I recently received a lump sum payment from the RAF of R6 million and it is currently in my lawyer’s trust account, awaiting instruction from me. I would like to research the best way to invest the money for maximum growth and for retirement. I’d like to take my time learning about it without feeling rushed because I want to be very careful and certain about what decisions I’ll be making. Where can I put this money, where it can be earning interest and have no (or very little) risk of me losing it, while I decide what to do? Instead of it sitting in the trust account, I would like it to benefit from an interest-bearing account for a few months, whereafter I will disperse it into other investment vehicles. I also want to buy a house for myself (I’m 31) and my husband, but can’t decide if I should fund it entirely with a bond or if I should rather get a bond for 50% of the purchase price and invest the rest of what I would have paid for without a bond?
In the first instance, your concern is to move the money into an interest-bearing account to ensure that you are not rushed into making an investment decision. In this regard, a money market fund would be suitable. Money market funds typically provide returns in line with inflation (after taxation) with little risk attached to the investment. Thus, once you are ready to make decisions, you do not have to worry about timing the withdrawal from your money market investment.
In preparing this response, we have assumed that you would use half of your capital to purchase a property, and the other half to fund your retirement.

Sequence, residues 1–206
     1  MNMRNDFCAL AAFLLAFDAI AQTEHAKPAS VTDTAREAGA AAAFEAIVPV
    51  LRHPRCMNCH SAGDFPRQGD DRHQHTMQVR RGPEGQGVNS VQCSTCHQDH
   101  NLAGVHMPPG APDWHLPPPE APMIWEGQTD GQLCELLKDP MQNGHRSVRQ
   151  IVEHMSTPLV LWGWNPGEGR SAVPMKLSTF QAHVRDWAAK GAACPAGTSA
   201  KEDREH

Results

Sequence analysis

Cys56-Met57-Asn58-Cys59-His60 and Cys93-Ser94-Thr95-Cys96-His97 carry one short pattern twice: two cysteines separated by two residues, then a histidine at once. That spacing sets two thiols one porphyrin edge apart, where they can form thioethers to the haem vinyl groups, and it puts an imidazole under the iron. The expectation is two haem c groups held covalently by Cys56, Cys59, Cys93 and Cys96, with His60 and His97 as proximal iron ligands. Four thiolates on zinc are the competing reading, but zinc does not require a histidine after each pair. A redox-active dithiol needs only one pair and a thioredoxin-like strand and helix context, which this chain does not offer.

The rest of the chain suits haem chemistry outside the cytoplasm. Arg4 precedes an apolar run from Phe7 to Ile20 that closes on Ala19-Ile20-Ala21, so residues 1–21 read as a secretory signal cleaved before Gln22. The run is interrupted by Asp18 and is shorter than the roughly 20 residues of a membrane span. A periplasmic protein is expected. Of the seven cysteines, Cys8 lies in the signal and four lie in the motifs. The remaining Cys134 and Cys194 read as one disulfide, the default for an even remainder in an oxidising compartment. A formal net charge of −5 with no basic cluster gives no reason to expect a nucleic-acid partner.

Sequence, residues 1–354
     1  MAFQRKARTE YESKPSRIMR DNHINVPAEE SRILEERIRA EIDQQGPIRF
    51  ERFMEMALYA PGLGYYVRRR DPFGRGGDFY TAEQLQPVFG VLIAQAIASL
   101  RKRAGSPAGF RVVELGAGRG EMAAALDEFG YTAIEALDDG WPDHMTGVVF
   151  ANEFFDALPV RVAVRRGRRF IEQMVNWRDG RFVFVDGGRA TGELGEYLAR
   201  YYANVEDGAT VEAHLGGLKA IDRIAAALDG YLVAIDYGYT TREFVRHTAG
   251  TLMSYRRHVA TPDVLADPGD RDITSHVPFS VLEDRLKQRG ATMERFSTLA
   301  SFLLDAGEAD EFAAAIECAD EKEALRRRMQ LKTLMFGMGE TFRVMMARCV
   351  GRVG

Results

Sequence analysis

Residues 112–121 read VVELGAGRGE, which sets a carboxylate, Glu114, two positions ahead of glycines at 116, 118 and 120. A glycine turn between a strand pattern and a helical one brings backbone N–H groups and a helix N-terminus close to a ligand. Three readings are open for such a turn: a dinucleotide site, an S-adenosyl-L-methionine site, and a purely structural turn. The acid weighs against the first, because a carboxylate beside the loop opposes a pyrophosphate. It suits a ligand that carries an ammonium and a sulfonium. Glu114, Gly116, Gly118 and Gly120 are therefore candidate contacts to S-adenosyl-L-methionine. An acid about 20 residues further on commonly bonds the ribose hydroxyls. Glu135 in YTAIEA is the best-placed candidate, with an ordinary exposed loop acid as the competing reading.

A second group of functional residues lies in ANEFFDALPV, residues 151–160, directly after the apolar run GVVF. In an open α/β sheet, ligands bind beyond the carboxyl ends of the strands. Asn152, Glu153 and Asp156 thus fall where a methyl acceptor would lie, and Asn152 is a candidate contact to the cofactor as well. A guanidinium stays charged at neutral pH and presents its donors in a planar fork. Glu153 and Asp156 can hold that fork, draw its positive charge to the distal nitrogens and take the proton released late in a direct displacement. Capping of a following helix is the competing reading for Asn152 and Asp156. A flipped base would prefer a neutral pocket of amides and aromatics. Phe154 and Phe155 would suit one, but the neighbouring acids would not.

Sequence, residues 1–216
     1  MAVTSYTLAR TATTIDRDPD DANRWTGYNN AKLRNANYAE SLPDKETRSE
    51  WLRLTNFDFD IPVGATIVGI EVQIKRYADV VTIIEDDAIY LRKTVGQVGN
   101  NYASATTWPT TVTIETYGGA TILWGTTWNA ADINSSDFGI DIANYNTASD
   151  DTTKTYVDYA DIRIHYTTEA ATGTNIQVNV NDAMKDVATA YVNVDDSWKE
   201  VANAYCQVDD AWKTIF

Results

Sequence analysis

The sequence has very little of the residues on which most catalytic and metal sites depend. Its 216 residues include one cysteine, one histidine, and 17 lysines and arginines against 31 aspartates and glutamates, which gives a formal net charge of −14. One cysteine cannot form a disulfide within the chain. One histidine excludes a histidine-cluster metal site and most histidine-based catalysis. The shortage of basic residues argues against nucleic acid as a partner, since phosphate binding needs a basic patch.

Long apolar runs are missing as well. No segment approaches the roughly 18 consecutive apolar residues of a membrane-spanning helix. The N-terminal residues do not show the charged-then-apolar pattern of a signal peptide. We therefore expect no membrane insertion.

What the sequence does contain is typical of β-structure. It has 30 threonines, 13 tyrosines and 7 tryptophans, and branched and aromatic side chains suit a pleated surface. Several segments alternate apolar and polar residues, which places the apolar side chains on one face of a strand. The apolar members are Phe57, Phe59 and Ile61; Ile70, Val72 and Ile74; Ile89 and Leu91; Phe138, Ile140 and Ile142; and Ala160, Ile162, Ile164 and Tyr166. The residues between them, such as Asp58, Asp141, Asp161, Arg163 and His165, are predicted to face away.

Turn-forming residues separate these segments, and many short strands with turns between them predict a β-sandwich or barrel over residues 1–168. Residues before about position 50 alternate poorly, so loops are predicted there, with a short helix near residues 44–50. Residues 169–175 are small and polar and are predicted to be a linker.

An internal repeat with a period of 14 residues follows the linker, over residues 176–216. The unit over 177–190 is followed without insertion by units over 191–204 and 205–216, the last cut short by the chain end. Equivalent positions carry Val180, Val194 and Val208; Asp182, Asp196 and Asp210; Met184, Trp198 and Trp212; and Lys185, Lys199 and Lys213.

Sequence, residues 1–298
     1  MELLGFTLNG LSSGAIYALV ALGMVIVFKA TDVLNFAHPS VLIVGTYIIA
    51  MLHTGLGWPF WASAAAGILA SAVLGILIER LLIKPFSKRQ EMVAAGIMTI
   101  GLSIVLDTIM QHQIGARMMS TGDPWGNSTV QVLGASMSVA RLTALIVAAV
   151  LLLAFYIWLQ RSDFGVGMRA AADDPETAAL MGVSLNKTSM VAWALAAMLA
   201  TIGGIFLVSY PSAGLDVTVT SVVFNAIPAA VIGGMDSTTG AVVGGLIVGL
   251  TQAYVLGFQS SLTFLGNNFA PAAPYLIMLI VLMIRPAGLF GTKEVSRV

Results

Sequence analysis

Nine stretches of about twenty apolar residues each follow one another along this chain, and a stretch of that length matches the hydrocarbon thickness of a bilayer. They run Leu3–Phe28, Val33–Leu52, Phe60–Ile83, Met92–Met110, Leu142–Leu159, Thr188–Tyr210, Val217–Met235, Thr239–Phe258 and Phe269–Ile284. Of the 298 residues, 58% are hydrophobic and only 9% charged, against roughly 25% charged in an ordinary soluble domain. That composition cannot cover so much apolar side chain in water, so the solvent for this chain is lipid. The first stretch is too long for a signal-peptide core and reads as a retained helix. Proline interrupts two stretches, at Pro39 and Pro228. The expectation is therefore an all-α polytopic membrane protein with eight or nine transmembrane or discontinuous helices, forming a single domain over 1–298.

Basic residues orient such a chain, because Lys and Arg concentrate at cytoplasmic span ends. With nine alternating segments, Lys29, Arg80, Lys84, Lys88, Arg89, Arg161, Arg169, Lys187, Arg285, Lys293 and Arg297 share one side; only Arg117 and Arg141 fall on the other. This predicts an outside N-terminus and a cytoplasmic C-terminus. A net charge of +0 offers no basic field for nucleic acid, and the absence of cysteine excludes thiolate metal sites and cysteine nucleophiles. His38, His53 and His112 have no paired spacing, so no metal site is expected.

With regard to your retirement planning, we have assumed that you will retire when you reach age 65 and that you will draw a post-retirement income of R40 000 per month in today’s terms, with inflation assumed at 6%. Your post-retirement income will increase annually in line with inflation. We have further assumed that you would invest R3 million of your RAF payout into an investment strategy, such as a balanced fund, targeting annual returns of CPI + 4.5%, net of all fees. Taking these assumptions into account, your invested capital will provide for your post-retirement income needs until age 97.
Should you wish to use the remaining R3 million to purchase a home, there are a number of things worth considering. If you bonded your home at a prime interest rate of 10.25% per year, it is important to bear in mind that this is roughly the rate of return you could expect to enjoy from a balanced fund over the long term. Effectively, you would be borrowing from the bank at a definitive cost of 10.25% in order to invest with a long-term expectation of a similar return, but with the risk of underperforming when the markets have generated poor returns such as in the past five years. It is also important to take into consideration the emotional benefits of owning your own home without the anxiety of paying off a bond.
Over and above these decisions, it is important to ensure that once you have decided how much to invest for retirement purposes, you structure your portfolio in the most tax-efficient manner. Assuming that you and your husband are both still working, paying tax and have disposable income after having purchased your home for cash, we would recommend the following options be considered:
- Ensure that you each invest the maximum tax-deductible amount (27.5% of taxable income limited to R350 000 per year) into your respective retirement annuities, bearing in mind that you are also not taxed on the growth in these investments.
- Thereafter, we recommend that you maximise the amount that you can each invest into a tax-free savings account, being a R33 000 annual allowance with a lifetime limit per person of R500 000 – bearing in mind that these investments also grow tax-free.
- Depending on your current individual tax rates, you may wish to consider an endowment investment.
- After making use of the above vehicles to maximise tax-efficiency, we suggest investing any remaining funds into a discretionary unit trust portfolio.
- Lastly, we advise retaining some funds in cash to be earmarked for emergencies or unforeseeable expenses.